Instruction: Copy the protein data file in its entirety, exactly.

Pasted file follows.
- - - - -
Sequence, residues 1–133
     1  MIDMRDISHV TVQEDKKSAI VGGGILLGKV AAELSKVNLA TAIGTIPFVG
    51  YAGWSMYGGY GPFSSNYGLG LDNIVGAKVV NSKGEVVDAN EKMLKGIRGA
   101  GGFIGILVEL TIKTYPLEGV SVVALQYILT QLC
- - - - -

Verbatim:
Sequence, residues 1–133
     1  MIDMRDISHV TVQEDKKSAI VGGGILLGKV AAELSKVNLA TAIGTIPFVG
    51  YAGWSMYGGY GPFSSNYGLG LDNIVGAKVV NSKGEVVDAN EKMLKGIRGA
   101  GGFIGILVEL TIKTYPLEGV SVVALQYILT QLC